The disproportionate burdens of morbidity and premature mortality among Aboriginal and Torres Strait Islander Australian's are well-documented. Research and clinical practice evaluations are essential in determining if existing programs to reduce this inequality gap will actually be effective. However, methodological rigour appears to be fundamentally lacking in the current evidence base with concerns that the absence of appropriate evaluations alongside these programs may result in implementation of ineffective practices and poor disease management. This article highlights some of the existing barriers for conducting research in collaboration with Aboriginal and Torres Strait Islander Australians and provides options to consider when addressing these issues.

      PubDate: Thu, 2 Nov 2017 11:47:41 GMT
       
  • Volume 21 Issue 1 - Challenges and opportunities with communicating the
           results of studies related to fruit and vegetable consumption for general
           wellbeing and mental health
    • Abstract: Mihrshahi, Seema; Mishra, Gita D
      There has been recent interest in the role of dietary factors in improving mental health and preventing depression. In this article we outline some of the challenges associated with communicating the results of studies that measure dietary factors such as fruit and vegetable intake, on health outcomes, particularly those related to mental health. Some of these include conflicting results from observational studies and meta-analyses, differences in study design and variations in the measurements of dietary factors and health outcomes and how controversial claims and conflicting results are reported in the media. We also briefly discuss the potential of new technologies in communicating health messages and reporting results of epidemiological studies involving diet and disease to the public.

      PubDate: Thu, 2 Nov 2017 11:47:41 GMT
       
  • Volume 21 Issue 1 - The Blue Wiggle, the epidemiologist and dietary
           supplements
    • Abstract: Brew, Bronwyn K; Marks, Guy B
      Fish oil supplements are heavily promoted by vitamin companies as being useful for brain and mind improvement; however the epidemiological evidence does not back these claims. In this article we argue that epidemiologists and scientists are best placed to understand and communicate the research about food supplements but that they may not always have the skills to do this. We suggest some resources that may be helpful for the dissemination of knowledge to the general public.

      PubDate: Thu, 2 Nov 2017 11:47:41 GMT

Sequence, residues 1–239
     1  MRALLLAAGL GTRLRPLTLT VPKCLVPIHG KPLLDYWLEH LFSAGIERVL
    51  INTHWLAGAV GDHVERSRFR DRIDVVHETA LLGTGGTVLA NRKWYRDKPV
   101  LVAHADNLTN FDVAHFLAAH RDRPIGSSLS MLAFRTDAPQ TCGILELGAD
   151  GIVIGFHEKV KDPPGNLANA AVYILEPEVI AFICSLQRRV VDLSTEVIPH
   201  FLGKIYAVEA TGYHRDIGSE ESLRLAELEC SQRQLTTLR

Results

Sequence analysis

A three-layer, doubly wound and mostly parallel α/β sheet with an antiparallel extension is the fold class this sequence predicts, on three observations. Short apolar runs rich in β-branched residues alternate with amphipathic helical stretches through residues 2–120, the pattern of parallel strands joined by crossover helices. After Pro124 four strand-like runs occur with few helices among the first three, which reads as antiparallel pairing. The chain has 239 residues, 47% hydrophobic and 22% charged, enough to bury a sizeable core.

• Volume 21 Issue 1 - Challenges, lessons and new ways of communicating
           epidemiology
    • Abstract: van der Mei, Ingrid
      It is my pleasure to introduce a beautiful set of articles on 'Communicating Epidemiology'. Communicating our research findings and being involved in the development of public health messages is a critical part of our work, but is not always given the attention it deserves. There are tips for you throughout the Round Table on what is important and how to improve your skills.

      PubDate: Thu, 2 Nov 2017 11:47:41 GMT
       
  • Volume 21 Issue 1 - From the editors
    • Abstract: Simpson, Steve; Watt, Kerrianne
      PubDate: Thu, 2 Nov 2017 11:47:41 GMT
       
  • Volume 21 Issue 1 - AEA membership
    • PubDate: Thu, 2 Nov 2017 11:47:41 GMT
       
  • Volume 21 Issue 1 - Report for AEA Early Career Researcher Travel Award
           2013
    • Abstract: Page, Matthew J; Sullivan, Sheena; Hocking, Jane; Yu, Xue Qin
      PubDate: Thu, 2 Nov 2017 11:47:41 GMT
       
  • Volume 21 Issue 1 - Long conversations: Gomeroi gaaynggal tackles renal
           disease in the Indigenous community
    • Abstract: Rae, Kym; Weatherall, Loretta; Blackwell, Caroline; Pringle, Kirsty; Smith, Roger; Lumbers, Eugenie
      The Gomeroi gaaynggal program in Tamworth and Walgett NSW, is working in partnership with Indigenous communities to understand the development of renal disease in women and their children. They are using innovative strategies of ArtsHealth to communicate the results of their NHMRC funded research programs and educate the community.

      PubDate: Thu, 2 Nov 2017 11:47:41 GMT
       
  • Volume 21 Issue 1 - Disseminating health informatics research and
           'Informatics in Developing Countries' and the Health Informatics Forum
           MOOC
    • Abstract: Paton, Chris; Malik, Muzaffar; Househ, Mowafa
      Over the past five years, we have collaborated on a number of initiatives to disseminate health informatics knowledge to developing countries. The existing academic and publishing infrastructure is not well suited to distributing knowledge without incurring significant costs to students and researchers. This is a particular issue for researchers in developing countries where the costs of purchasing journal articles, books or courses can be prohibitive. This article describes two initiatives that aim to provide free, high quality research and educational resources to health informatics students, academics and professionals in developing countries. The first is an Open Access (OA) journal called the Journal of Health Informatics in Developing Countries (www.jhidc.org), and the second is a Massive Open Online Course that is hosted on the Health Informatics Forum website (www.healthinformaticsforum.com/MOOC).

      PubDate: Thu, 2 Nov 2017 11:47:41 GMT
       
  • Volume 21 Issue 1 - The use of social media advertising for study
           recruitment
    • Abstract: Frandsen, Mai; Ferguson, Stuart G
      Social media is a fast growing online phenomenon potentially providing researchers with a valuable recruitment tool. While some social researchers have explored the use of this medium as a recruitment strategy, taking advantage of its enormous potential reach, few have reported on its efficacy. The present paper hopes to offer prospective users and social researchers wishing to enhance their recruitment practices an overview of practical advantages, potential pit-falls and considerations for future use.